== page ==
John McKenna, Andrew Kirkpatrick,
Emily Atkins and Ian MacKenzie. (Photo: Catherine Martineau)
March 5, 2015
By Emily Atkins
From the MM&D January-February 2015 print edition
MM&D magazine was a media sponsor of the 2015 Cargo Logistics Canada conference and show in Vancouver, January 28 and 29.
At the show we presented the results of the 2014 DC Cost Benchmarking study, MM&D’s original research conducted in the summer of 2014, and sponsored by BDO.
This time around we were joined on stage by three supply chain practitioners with a wealth of experience in controlling and managing DC costs. They were: Andrew Kirkpatrick, director of sales for NFI Industries, Ian MacKenzie, head of logistics and distribution at Kit and Ace, and John McKenna, president of McKenna Logistics Centres.
McKenna led off the panel discussion, using a clear plastic storage box and lots of tennis balls to illustrate his narrative on how a DC can evolve. With the balls just loose in the box, it was a basic warehouse.
He demonstrated how easily slow-moving product can make you run out of space, and then some of the actions commonly taken to make operations more efficient. He made the point, however, that although making your warehouse operate more smoothly, many of these improvements will make your cost per unit stored rise, potentially bringing unwanted scrutiny from the bean counters.
He cited a common example from the world of e-commerce where the number of units per order declines.
“Well, now we need more staging area because we’re not shipping directly out of the truck anymore. So I get less product in the warehouse. Now I have to put carton labels on the pallets. Not just a full pallet label, it’s a carton label. And we have to wait for the LTL carrier to come and pick it up. We’re not just direct-loading it. So our costs go up again.”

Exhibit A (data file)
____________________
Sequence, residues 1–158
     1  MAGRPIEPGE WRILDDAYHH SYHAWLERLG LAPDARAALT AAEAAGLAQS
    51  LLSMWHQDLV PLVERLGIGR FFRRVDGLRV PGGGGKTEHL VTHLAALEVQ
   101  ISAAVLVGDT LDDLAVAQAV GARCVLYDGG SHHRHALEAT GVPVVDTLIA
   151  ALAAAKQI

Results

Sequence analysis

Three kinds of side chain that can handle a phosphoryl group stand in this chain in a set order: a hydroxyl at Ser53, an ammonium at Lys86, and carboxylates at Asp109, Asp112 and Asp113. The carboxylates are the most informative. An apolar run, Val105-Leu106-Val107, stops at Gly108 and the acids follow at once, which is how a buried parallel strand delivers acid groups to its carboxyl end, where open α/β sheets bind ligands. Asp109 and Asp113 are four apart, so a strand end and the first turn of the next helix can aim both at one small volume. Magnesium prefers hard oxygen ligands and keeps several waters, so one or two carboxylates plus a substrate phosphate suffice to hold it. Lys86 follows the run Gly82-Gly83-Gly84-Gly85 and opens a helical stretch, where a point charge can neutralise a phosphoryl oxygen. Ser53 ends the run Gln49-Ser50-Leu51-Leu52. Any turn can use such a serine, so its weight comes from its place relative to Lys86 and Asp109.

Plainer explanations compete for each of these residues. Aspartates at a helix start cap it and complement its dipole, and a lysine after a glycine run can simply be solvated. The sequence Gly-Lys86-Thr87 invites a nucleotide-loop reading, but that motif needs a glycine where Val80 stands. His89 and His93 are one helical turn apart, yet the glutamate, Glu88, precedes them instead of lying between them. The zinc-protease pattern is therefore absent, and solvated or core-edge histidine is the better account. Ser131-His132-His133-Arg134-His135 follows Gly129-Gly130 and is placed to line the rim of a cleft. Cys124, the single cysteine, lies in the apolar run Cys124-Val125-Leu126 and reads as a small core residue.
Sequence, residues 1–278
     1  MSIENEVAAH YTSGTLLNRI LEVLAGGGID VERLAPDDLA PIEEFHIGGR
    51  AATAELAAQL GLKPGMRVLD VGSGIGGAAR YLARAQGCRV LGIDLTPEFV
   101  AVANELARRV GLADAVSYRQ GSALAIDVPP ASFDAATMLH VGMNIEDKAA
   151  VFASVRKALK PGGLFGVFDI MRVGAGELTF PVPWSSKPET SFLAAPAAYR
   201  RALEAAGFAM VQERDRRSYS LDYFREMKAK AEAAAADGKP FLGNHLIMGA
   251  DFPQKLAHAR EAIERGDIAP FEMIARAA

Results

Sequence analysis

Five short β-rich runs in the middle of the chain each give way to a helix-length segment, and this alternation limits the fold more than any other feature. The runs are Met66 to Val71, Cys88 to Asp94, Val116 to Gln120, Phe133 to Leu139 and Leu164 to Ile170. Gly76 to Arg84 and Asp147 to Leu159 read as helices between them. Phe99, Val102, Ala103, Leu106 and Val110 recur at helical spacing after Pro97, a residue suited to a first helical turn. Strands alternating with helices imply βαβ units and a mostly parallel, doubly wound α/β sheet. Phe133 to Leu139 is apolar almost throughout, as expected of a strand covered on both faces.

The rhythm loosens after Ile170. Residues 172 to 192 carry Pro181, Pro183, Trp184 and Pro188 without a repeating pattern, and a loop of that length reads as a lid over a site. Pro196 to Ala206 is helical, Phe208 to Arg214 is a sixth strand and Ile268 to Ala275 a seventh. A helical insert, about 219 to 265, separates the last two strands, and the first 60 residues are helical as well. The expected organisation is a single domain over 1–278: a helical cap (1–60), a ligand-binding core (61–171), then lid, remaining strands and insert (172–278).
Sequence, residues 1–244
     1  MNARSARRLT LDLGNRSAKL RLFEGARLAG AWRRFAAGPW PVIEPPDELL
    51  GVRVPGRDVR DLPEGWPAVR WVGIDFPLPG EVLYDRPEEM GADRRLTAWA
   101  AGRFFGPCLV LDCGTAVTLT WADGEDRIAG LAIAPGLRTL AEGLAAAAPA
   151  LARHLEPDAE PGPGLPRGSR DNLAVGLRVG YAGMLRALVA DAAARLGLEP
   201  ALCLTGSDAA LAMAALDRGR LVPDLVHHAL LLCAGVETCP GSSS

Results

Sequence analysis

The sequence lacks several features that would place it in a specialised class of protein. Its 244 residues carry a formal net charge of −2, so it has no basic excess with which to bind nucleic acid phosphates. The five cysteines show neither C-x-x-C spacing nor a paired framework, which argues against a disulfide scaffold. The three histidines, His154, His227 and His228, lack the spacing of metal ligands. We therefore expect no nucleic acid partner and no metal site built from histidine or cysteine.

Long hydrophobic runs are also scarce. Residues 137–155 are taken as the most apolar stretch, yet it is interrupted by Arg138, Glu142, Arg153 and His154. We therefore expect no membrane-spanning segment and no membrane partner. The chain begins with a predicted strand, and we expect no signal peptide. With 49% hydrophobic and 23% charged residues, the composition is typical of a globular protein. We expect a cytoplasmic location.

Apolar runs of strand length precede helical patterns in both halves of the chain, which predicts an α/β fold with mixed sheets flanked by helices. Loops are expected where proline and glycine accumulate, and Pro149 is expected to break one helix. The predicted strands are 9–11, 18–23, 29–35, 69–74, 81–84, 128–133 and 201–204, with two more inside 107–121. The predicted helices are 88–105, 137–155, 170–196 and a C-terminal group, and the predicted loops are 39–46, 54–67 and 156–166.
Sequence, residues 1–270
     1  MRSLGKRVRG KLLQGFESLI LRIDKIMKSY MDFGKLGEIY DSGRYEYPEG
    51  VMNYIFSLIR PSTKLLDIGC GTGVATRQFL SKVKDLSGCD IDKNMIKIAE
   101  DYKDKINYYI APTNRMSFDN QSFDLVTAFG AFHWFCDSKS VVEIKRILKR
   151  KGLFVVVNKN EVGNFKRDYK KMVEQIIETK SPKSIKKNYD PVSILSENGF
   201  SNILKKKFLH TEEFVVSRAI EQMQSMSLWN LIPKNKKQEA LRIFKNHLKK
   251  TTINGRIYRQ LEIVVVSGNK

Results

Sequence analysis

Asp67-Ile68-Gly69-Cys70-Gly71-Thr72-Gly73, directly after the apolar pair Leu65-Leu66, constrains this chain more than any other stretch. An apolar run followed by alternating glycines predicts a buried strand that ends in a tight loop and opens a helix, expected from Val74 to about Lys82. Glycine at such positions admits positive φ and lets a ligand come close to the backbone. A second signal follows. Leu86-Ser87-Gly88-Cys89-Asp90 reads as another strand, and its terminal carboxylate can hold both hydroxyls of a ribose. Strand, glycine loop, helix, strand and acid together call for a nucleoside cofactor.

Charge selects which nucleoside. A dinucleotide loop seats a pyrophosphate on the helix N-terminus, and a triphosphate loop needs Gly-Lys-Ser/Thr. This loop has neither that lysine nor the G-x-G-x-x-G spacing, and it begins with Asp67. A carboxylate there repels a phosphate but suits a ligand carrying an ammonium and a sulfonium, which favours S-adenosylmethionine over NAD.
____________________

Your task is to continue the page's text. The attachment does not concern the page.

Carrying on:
Next up, MacKenzie talked about the importance of labour management. A successful DC manager will spend a fair bit of time walking around and observing what’s going on, enquiring about what’s happening and why, recording data and generally being present for the staff. He recounted numerous efficiency gains that were achieved because this informal process revealed poor processes.
He also discussed the role of technology in the DC, and advocated strongly for the simple, relatively inexpensive solutions that are user-friendly and easy to implement—smartphones, for example.
“We have the most technologically savvy workforce in the history of the planet and when they get to work we ask them to turn these off and put them away and ask them to do an incredibly mundane, boring, go-pick-up-a-box-and-put-it-down, job…They live and breathe having one of these devices in their hand. They can do things faster with it than I can, yet we ask them to put them down,” he said.
He cited the example of a 50-person company in California, that instead of buying a capital-intensive WMS, had an app developed and gave all the staff iPhones. The company’s complete supply chain is run with the phones.
“So imagine when you hire a new employee and hand them an iPhone, do you think you need to give them very much training?” he added.
The final panelist, Andrew Kirkpatrick, spoke about the importance of building and maintaining a good relationship between third-party warehousing suppliers and buyers.
“More often than not, we see in our environment that incorrect assumptions and poor planning ultimately lead to higher costs. From a 3PL’s perspective the dialogue should begin long before the customer awards you the business,” he said.